The First Highway: Huguenot Homesteads from
This year's focus on the Town of New Paltz coincides with the year-long celebration our 30th Anniversary. The closing reception will be held at a private farm on the Land Trust’s first easement.
The tour will explore the fascinating legacy of New Paltz’s Huguenots and their expansion northward along the eastern banks of the Wallkill River to Bontecoe on the Esopus border. The “Patentees” - as the first dozen settlers were called – built their houses on the terrace above the Wallkill River where vistas sweep west to the Shawangunk Mountains. Their descendants moved beyond New Paltz to cultivate the rich alluvial soil of the floodplain.
Help support the ongoing maintenance of the Rosendale Trestle by donating to this campaign of the Wallkill Valley Land Trust. Celebrate a loved one, a memory, or show your business support through your design.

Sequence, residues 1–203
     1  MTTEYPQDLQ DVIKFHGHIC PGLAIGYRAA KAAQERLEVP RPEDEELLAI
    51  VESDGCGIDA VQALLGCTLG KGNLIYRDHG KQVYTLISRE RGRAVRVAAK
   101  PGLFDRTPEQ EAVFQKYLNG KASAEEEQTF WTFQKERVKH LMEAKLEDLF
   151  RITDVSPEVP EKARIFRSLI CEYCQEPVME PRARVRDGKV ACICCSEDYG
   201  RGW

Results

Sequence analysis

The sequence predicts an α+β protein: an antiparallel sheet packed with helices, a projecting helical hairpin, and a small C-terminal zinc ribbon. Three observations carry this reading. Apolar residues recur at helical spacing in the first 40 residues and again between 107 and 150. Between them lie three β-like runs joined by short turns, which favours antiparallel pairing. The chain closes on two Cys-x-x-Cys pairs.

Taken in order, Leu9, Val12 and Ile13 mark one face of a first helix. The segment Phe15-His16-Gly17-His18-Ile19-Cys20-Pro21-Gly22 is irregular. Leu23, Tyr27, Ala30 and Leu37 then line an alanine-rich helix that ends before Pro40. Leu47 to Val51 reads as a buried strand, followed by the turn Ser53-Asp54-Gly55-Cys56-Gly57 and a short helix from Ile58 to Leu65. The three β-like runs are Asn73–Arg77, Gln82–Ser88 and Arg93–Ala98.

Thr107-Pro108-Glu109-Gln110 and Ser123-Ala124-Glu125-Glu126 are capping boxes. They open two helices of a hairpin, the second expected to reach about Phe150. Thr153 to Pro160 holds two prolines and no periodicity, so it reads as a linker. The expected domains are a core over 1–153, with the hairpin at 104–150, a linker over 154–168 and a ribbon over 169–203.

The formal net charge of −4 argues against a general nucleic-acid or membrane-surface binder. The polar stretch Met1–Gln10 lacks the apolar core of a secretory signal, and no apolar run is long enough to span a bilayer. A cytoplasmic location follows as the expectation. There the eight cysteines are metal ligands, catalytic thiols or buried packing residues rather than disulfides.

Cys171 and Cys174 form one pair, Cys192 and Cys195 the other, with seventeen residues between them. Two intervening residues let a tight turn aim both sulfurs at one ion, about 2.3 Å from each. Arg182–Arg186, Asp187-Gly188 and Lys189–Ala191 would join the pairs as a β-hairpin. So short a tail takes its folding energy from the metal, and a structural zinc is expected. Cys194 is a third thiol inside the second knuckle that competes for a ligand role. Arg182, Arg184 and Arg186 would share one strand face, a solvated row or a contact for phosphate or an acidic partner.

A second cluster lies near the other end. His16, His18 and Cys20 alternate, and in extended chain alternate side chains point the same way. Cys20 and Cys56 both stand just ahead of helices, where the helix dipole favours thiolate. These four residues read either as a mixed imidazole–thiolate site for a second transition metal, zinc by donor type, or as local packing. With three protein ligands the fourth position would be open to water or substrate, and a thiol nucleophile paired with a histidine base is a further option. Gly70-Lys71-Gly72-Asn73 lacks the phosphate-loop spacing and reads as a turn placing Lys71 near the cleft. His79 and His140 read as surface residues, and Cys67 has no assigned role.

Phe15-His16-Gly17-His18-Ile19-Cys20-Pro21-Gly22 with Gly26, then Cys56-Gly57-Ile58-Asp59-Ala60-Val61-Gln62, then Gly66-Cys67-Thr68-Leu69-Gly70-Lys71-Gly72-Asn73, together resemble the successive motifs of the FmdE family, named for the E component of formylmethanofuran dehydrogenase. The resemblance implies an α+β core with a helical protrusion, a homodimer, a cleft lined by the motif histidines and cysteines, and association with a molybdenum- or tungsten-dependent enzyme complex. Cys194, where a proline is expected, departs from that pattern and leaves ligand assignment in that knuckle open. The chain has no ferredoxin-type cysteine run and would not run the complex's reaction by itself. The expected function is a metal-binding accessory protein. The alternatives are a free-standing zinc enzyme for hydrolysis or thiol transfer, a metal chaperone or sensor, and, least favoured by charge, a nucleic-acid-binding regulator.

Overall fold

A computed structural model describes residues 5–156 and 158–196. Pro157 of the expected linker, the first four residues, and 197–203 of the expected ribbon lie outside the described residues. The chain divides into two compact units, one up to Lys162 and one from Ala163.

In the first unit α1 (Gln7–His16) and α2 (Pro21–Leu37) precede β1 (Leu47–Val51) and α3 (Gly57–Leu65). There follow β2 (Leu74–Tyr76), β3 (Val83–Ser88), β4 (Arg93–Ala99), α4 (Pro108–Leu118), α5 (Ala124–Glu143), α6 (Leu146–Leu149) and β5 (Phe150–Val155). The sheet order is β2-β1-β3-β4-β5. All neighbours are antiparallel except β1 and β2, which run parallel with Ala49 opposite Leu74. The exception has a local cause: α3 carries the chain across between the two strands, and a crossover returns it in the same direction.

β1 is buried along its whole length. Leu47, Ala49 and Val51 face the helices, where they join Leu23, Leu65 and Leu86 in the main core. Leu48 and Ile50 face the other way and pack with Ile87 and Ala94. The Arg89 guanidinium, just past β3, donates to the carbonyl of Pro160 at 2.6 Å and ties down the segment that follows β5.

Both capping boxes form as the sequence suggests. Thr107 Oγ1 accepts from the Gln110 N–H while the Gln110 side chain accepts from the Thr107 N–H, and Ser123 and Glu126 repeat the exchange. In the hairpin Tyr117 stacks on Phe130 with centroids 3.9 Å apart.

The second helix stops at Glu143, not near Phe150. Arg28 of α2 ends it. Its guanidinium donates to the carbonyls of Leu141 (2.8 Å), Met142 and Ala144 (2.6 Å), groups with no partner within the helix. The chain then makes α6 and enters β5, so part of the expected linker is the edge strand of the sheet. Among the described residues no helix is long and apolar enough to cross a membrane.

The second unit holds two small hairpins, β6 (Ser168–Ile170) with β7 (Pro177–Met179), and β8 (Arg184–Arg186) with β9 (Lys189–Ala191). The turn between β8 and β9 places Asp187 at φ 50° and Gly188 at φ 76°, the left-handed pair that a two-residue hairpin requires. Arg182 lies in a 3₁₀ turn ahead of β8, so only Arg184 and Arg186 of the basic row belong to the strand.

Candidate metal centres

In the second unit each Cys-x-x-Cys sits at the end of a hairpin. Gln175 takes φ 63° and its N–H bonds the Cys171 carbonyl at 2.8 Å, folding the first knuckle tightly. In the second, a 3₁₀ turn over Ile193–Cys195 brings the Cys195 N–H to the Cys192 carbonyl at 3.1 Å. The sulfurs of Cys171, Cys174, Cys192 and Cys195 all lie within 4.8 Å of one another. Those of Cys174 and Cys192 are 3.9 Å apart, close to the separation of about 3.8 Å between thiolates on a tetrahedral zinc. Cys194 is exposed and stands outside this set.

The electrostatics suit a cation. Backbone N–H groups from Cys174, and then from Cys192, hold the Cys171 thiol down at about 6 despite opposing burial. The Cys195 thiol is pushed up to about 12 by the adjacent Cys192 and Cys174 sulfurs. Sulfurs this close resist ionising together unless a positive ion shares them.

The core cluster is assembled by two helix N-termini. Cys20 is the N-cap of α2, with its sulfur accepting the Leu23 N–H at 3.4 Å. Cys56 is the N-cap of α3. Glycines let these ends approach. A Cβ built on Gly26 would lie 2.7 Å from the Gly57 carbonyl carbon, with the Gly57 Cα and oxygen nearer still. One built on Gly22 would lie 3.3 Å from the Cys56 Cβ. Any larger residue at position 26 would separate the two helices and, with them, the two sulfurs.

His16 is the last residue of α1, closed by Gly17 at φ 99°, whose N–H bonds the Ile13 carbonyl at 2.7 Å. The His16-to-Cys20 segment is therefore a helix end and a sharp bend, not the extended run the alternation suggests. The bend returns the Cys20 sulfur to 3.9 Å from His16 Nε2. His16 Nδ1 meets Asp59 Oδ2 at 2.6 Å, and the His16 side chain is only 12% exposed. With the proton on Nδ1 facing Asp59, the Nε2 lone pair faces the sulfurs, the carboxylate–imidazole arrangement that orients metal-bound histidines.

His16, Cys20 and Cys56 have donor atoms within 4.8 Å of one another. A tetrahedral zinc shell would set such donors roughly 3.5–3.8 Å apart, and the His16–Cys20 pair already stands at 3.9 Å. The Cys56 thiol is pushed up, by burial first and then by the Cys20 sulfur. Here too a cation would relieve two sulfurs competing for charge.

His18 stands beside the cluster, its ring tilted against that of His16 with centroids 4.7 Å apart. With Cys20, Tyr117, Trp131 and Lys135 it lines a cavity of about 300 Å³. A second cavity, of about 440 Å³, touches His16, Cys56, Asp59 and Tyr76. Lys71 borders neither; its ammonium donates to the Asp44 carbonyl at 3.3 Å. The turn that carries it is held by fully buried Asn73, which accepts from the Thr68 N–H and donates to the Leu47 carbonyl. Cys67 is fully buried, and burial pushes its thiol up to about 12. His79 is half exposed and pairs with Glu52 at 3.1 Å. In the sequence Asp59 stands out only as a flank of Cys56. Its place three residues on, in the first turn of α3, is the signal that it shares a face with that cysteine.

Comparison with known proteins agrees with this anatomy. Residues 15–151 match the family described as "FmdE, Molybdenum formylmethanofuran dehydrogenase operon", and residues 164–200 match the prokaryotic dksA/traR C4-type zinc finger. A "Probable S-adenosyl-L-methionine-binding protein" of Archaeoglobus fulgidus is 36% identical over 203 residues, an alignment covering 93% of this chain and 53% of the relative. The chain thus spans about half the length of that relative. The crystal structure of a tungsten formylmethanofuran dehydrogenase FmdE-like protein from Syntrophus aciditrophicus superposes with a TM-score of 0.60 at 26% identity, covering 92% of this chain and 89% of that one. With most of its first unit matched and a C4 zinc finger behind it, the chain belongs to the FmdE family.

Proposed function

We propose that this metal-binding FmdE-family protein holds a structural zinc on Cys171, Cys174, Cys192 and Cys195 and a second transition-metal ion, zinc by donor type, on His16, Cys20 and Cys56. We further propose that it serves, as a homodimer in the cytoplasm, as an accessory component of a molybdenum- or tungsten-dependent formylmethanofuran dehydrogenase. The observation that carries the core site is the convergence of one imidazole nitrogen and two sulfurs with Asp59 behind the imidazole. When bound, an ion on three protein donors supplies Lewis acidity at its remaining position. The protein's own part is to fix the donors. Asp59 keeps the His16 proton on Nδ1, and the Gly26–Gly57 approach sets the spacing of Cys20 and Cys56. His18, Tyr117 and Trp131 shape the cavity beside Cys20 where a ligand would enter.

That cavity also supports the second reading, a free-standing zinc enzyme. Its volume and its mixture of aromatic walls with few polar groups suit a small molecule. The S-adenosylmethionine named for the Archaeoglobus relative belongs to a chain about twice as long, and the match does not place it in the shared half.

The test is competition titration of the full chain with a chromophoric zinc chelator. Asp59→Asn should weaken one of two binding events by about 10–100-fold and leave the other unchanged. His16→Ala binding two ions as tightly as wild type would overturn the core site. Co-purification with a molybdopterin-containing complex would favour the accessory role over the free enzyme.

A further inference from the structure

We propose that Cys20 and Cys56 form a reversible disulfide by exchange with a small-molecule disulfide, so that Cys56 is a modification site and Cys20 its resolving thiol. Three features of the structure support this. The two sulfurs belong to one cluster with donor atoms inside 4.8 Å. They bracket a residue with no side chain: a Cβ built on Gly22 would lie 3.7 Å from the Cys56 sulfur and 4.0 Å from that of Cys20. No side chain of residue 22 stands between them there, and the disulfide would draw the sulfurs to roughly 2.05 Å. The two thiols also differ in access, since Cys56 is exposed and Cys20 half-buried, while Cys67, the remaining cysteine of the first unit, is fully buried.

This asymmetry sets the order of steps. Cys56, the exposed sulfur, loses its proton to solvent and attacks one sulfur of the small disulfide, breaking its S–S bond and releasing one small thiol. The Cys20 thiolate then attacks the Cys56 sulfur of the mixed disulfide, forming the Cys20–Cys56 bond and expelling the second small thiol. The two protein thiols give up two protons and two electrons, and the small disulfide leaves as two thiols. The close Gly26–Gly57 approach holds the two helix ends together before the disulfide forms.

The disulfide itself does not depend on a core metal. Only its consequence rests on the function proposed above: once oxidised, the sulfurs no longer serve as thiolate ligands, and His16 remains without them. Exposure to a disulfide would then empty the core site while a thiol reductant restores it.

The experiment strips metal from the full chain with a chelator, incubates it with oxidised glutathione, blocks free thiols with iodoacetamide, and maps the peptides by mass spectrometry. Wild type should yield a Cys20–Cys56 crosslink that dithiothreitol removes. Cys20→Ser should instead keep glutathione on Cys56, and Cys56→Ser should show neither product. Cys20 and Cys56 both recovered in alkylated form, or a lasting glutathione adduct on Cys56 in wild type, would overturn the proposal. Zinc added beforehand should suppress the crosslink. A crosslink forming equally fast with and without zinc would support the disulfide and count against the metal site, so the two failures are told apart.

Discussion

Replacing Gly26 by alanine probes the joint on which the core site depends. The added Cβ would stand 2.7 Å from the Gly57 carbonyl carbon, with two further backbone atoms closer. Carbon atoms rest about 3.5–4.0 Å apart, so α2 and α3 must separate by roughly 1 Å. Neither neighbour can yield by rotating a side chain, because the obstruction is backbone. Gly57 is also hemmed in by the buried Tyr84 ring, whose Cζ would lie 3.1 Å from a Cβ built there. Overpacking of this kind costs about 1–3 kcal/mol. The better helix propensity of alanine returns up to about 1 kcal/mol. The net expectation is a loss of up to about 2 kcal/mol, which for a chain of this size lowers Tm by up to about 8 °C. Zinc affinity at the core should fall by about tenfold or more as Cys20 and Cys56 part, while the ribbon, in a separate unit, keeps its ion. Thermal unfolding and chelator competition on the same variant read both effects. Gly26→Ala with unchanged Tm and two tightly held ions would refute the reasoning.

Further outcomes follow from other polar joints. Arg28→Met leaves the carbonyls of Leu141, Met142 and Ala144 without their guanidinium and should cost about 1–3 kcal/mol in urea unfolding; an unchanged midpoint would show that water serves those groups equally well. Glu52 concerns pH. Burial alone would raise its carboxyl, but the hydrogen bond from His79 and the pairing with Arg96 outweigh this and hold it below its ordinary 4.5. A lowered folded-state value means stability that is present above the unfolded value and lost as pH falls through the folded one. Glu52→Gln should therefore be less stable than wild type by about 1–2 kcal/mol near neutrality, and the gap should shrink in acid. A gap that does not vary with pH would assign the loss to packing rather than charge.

For a donation of $1,500 or more, you decide what you want on your plaque, and work with our designer to ensure the text and/ or image meets your expectations.
The one of a kind Trestle plaques are a bronzed 4 ¾” x 4 ¾ “ and 3/16” thick. The recessed surface is patinaed, and the entire plaque lacquer sealed. Each plaque is riveted to the Corten-steel railings, spaced apart (approximately 8 feet).
In 2009, the Wallkill Valley Land Trust (WVLT) in partnership with the Open Space Institute (OSI), acquired 11.5 miles of rail trail between the towns of New Paltz and Kingston, NY. This acquisition almost doubled the length of the original Wallkill Valley Rail Trail which WVLT holds conservation easements on. The highlight of the 2009 purchase was the iconic 940-foot-long Rosendale Railroad Trestle.
After a $1.5 million renovation, the Rosendale Trestle opened to in 2013 providing the most spectacular vista on the scenic Rail Trail. While the Trestle is only a short walk from the Town of Rosendale, and is clearly visible from many Main Street businesses, it spans 150 feet above Route 213 and Rondout Creek. Access into the Town from the Trestle and extension of the Wallkill Valley Rail Trail exists via a busy County Road with limited sidewalks, and small shoulders - making pedestrian access a challenge!
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